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'Bringing our children home': FSIN chiefs applaud Supreme Court decision on Indigenous child welfare

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The Federation of Sovereign Indigenous Nations (FSIN) is applauding a unanimous ruling by Canada’s highest court.

"Today is a very important day when it comes to our Indigenous rights and laws," said FSIN third vice chief Aly Bear.

The Supreme Court of Canada ruled that the federal Indigenous child welfare act is constitutional — affirming that First Nations, Métis, and Inuit have sole authority over the protection of their children.

The ruling reverses the Quebec Court of Appeal decision that declared the act, known as Bill C-92, partly unconstitutional.

"The act as a whole is constitutionally valid," the court wrote in a 110-page decision.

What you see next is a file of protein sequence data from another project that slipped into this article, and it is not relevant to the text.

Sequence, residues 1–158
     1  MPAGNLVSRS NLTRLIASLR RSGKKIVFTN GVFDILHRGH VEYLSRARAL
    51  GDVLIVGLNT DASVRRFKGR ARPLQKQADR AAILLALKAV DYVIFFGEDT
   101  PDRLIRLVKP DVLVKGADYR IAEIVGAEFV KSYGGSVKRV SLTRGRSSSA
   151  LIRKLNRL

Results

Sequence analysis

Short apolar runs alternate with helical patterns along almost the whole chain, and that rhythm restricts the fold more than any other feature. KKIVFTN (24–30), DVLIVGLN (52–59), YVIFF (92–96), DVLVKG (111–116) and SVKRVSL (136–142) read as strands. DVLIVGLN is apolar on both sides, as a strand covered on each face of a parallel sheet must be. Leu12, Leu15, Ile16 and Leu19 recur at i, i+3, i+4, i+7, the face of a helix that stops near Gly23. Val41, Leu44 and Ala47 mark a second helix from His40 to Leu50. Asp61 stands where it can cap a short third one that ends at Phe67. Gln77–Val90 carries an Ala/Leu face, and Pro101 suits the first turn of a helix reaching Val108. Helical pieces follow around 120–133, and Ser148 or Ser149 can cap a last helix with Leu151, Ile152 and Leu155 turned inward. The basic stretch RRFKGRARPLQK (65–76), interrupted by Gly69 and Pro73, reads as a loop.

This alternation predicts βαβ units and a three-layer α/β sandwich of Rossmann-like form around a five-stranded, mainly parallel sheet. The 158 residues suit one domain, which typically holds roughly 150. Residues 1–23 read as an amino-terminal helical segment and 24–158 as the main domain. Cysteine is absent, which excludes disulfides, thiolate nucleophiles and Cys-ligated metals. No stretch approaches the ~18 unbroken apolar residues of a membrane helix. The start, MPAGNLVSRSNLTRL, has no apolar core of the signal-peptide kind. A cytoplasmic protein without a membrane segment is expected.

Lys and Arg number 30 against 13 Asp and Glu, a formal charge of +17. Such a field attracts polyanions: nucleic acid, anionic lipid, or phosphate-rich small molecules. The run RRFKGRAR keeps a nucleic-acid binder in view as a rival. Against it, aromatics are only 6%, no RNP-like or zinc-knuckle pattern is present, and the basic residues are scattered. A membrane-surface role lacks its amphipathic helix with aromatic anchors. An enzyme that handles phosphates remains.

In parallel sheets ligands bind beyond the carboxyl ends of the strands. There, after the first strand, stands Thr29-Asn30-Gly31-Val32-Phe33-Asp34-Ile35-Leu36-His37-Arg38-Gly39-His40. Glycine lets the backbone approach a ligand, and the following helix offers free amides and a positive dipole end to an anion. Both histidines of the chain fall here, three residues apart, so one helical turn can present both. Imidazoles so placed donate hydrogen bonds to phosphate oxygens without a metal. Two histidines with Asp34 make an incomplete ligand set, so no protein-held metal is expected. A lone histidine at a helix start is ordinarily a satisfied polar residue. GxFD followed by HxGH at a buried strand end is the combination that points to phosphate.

The FSIN intervened in this Supreme Court case, pushing for Indigenous nations to have jurisdiction over family and child services.

Prime Minister Justin Trudeau said Indigenous children have "for far too long" been put in foster homes, sometimes far away from their communities, that were not grounded in Indigenous language and traditions.

As a result of the ruling, FSIN first vice chief David Pratt is urging Canada to "properly and adequately fund First Nations child welfare reform."

"We're bringing our children home. We can't bring them home if there's no housing if there's no infrastructure for them to be able to be supported — when we have communities in crisis right now with policing, addictions, and gangs," Pratt said.

"We can't bring them into that type of environment. There's a lot of work we have to do."

The FSIN said 58 out of 74 First Nations in Saskatchewan are already in the process of implementing their own child welfare systems.

-- with files from Alessia Passafiume

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